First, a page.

The Art of Midlife: Courage and Creative Living for Women

By Linda N. Edelstein | Go to book overview

NOTES

Quote in chapter title is from Joyce Carol Oates, ( 1975), Wonders of the invisible world (poem), in The fabulous beasts ( Baton Rouge: Louisiana State University Press), p. 7.

1
Linda Edelstein, ( 1995), Creative change as a result of midlife mourning (paper presented at the 103rd Annual Convention of the American Psychological Association, New York, New York).
2
Janet Surrey, ( 1985), Self-in-relation: A theory of women's development, Work in Progress, No. 13. (Wellesley, MA: Stone Center Working Paper Series). The Stone Center at Wellesley College in Massachusetts has produced some of the best ideas about self-in-relation theory as a way to conceptualize the development of women.
3
Nancy Chodorow, ( 1989), Feminism and psychoanalytic theory (New Haven: Yale University Press); Carol Gilligan, ( 1982), In a different voice ( Cambridge, MA: Harvard University Press).
4
Bella Abzug with Mim Kelber, ( 1984), Gender gap ( Boston: Houghton Mifflin), pp. 117-31.
5
Gilligan, Different voice.
6
Daniel Stern, ( 1985), The interpersonal world of the infant ( New York: Basic Books). Using clinical experiments and observations, Daniel Stern has disproved one of Margaret Mahler's tenets that there is an undifferentiated bond between mother and infant, positing instead that infants have a core self from birth or before. Her 1968 book On human symbiosis and the vicissitudes of individuation ( New York: International Universities Press) is important to this discussion because in it she describes the subphases of healthy child development, during which the infant begins to learn that she is a distinct person from her mother, that as mothers leave and return, children can also leave and return.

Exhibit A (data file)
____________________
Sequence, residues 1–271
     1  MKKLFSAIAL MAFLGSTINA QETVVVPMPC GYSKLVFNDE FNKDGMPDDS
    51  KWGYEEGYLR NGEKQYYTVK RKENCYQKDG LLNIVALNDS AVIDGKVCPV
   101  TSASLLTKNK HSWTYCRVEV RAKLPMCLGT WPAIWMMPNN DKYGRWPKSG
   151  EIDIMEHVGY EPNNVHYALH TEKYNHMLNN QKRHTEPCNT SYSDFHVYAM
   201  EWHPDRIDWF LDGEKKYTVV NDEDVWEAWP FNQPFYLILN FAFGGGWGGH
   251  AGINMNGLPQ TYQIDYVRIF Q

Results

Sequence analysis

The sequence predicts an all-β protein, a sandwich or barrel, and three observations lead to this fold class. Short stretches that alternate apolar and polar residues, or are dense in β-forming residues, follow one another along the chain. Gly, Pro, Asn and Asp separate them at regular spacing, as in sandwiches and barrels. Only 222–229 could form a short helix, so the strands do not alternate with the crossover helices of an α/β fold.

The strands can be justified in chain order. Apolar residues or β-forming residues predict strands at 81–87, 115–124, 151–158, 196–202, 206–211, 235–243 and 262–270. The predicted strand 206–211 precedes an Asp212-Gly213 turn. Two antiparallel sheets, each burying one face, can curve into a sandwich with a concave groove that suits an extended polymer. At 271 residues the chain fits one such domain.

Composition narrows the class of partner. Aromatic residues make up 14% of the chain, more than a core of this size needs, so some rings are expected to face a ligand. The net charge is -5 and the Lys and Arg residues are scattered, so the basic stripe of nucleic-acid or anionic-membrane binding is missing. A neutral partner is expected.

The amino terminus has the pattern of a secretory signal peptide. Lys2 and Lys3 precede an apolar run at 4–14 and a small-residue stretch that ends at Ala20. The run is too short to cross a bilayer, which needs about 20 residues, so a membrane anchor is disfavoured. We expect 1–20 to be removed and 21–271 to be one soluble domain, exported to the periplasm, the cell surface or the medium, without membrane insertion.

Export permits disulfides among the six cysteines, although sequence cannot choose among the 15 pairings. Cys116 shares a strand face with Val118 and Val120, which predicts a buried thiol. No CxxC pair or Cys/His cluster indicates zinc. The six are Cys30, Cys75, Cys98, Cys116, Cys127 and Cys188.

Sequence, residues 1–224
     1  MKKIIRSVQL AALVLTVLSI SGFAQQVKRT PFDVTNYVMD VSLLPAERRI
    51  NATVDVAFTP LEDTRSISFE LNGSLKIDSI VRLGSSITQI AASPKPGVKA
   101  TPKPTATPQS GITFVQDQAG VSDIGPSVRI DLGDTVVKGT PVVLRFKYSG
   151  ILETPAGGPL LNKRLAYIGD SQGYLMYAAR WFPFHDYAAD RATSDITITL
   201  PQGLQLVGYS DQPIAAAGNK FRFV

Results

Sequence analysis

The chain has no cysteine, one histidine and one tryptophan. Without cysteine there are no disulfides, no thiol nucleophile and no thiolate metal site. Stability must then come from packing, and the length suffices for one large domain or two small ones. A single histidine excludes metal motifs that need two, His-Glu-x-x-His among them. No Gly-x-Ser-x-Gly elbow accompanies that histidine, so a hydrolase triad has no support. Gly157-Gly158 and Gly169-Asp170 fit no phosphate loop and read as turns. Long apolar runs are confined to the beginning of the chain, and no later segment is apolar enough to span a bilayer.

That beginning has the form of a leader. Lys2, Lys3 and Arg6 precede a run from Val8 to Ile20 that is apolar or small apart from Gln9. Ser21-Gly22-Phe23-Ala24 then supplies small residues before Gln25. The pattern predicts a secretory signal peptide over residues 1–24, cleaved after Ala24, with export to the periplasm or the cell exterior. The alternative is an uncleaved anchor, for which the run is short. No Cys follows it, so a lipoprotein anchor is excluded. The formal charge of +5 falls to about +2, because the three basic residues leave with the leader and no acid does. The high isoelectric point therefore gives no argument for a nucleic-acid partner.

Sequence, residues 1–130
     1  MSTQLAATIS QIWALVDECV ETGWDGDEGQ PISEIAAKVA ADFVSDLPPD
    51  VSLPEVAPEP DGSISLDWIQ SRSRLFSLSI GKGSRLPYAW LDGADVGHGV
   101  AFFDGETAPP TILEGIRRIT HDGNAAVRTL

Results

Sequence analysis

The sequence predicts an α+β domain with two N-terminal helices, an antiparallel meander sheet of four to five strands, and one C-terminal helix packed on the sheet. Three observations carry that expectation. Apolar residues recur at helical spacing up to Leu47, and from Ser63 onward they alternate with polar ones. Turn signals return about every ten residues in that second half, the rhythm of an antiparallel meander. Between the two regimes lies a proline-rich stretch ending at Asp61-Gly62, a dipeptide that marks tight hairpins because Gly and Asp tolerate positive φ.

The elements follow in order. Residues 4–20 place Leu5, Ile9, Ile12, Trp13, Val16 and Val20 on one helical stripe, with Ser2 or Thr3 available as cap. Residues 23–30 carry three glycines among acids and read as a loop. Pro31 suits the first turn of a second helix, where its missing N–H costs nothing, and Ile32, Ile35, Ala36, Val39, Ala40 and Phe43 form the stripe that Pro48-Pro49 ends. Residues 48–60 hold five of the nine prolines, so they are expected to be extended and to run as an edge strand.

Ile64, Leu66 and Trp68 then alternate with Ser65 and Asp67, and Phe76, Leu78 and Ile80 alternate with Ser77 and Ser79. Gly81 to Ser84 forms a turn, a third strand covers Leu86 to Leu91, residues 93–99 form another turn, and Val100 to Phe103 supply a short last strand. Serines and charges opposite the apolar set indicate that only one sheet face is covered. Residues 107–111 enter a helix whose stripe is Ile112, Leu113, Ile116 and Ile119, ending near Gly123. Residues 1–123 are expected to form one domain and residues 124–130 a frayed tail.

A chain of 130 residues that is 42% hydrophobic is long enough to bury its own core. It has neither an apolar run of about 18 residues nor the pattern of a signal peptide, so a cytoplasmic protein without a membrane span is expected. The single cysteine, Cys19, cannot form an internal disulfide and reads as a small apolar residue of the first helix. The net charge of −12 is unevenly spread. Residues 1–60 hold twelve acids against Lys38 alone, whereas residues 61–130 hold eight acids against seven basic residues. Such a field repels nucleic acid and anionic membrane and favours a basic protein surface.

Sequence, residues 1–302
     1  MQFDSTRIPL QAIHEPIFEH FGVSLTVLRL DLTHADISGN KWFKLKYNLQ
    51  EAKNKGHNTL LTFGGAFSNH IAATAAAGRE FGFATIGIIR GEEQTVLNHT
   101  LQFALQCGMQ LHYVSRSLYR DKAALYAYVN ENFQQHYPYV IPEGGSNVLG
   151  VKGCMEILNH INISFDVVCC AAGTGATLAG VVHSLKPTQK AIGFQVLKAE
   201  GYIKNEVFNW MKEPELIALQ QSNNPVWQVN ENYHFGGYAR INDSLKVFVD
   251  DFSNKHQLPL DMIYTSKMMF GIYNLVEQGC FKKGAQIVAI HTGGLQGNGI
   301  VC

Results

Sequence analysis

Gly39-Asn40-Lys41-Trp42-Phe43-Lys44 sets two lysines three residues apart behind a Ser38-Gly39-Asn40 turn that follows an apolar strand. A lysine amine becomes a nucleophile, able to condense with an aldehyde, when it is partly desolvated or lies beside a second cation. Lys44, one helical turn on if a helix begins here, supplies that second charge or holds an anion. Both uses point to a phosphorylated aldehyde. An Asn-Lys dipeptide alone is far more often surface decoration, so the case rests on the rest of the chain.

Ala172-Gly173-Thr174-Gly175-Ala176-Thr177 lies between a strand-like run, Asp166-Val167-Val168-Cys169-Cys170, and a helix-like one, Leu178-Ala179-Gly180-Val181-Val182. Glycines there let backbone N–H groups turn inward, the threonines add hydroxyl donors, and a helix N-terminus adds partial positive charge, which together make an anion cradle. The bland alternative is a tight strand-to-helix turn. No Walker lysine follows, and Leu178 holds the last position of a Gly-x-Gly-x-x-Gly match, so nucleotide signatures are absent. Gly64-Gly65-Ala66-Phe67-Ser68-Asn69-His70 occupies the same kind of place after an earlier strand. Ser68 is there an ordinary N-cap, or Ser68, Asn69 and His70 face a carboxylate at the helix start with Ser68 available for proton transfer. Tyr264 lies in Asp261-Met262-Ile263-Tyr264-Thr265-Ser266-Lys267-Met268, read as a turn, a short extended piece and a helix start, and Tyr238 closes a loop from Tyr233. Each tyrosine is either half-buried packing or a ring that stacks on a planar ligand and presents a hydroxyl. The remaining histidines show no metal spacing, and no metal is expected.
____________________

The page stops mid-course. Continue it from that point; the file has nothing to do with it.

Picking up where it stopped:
7
Ibid.
8
David Trosman, ( 1993), Differentiation through re-internalization: An exploration of internalized objects and the curative process in psychotherapy (Psy.D. diss., Chicago School of Professional Psychology).
9
Joan Riviere, ( 1955), The unconscious phantasy of an inner world reflected in examples from literature, in M. Klein, P. Heinmann, and R. E. Money-Kyrle (Eds.), New directions in psychoanalysis ( New York: Basic Books), pp. 358-59.
10
Judith Jordan and Janet Surrey, ( 1986), The self-in-relation: Empathy and the mother-daughter relationship, in T. Bernay and D. Cantor (Eds.), The psycholgy of today's woman ( New York: The Analytic Press), pp. 89-91.
11
National Public Radio interview, Chicago, August 19, 1992.
12
Phyllis Greenacre, ( 1957), The childhood of the artist, Psychoanalytic Study of the Child 12:47-72 ( New York: International Universities Press).
13
Chodorow, Feminism, p. 102. Nancy Chodorow ( 1989) describes differentiation, or separation-individuation, as

coming to perceive a demarcation between the self and the object world, coming to perceive the subject/self as distinct, or separate from, the object/other. An essential early task of infantile development, it involves the development of ego boundaries (a sense of personal psychological division from the rest of the world), and of a body ego (a sense of the permanence of one's

-89-

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